Brocas Aphasia

Broca’s Aphasia

Broca’s aphasia is the classic "expressive aphasia", in distinction to the "receptive aphasia" of Wernicke; however, there are problems with this simple classification, since Broca’s aphasics may show comprehension problems with complex material, particularly in relation to syntax.

Considering each of the features suggested for the clinical classification of aphasias (see Aphasia), Broca’s aphasia is characterized by:

  • Fluency: slow, labored, effortful speech (nonfluent) with phonemic paraphasias, agrammatism, and aprosody; the patient knows what s/he wants to say and usually recognizes the paraphasic errors (i.e., patients can "self-monitor").
  • Comprehension: comprehension for simple material is preserved, but there may be problems with more complex syntax.
  • Repetition: impaired.
  • Naming: impaired (anomia, dysnomia); may be aided by phonemic or contextual cueing (cf. Wernicke’s aphasia).
  • Reading: alexia with labored oral reading, especially of function words and verb inflections. Silent reading may also be impaired (deep dyslexia) as reflected by poor text comprehension.
  • Writing: similarly affected.

Aphemia was the name originally given by Broca to the language disorder subsequently named "Broca’s aphasia." The syndrome may emerge during recovery from a global aphasia. Broca’s aphasia is sometimes associated with a right hemiparesis, especially affecting the arm and face; there may also be bucco-lingual-facial dyspraxia. Depression may be a concurrent feature.

Classically Broca’s aphasia is associated with a vascular lesion of the third frontal gyrus in the inferior frontal lobe (Broca’s area), but in practice such a circumscribed lesion is seldom seen. More commonly there is infarction in the perisylvian region affecting the insula and operculum (Brodmann areas 44 and 45), which may include underlying white matter and the basal ganglia (territory of the superior branch of the middle cerebral artery).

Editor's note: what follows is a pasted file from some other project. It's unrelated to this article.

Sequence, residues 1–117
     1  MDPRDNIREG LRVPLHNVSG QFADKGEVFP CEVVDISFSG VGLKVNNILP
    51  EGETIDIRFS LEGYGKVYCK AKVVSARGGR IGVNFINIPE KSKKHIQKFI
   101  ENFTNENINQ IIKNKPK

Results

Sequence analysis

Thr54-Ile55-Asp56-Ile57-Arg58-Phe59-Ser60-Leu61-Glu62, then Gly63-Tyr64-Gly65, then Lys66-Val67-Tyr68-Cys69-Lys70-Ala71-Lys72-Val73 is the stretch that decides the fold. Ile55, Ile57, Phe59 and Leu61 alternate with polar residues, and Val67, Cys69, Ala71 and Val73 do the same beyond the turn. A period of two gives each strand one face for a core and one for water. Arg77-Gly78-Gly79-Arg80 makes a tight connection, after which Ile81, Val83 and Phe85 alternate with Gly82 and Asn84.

The terms "small Broca’s aphasia", "mini-Broca’s aphasia", and "Broca’s area aphasia", have been reserved for a more circumscribed clinical and neuroanatomical deficit than Broca’s aphasia, wherein the damage is restricted to Broca’s area or its subjacent white matter. There is a mild and transient aphasia or anomia which may share some of the characteristics of aphemia/phonetic disintegration (i.e., a motor disorder of speech production with preserved comprehension of spoken and written language).



Alexander MP, Naeser MA, Palumbo C. Broca’s area aphasias: aphasia after lesions including the frontal operculum. Neurology 1990; 40: 353-362
Mohr JP, Pessin MS, Finkelstein S, Funkenstein HH, Duncan GW, Davis KR. Broca aphasia: pathologic and clinical aspects. Neurology1978; 28: 311-324
Pearce JMS. Paul Broca and aphasia. In: Pearce JMS. Fragments ofneurological history. London: Imperial College Press, 2003: 84-89


Cross References

Agrammatism; Agraphia; Alexia; Aphasia; Aphemia; Aprosodia, Aprosody; Paraphasia; Wernicke’s aphasia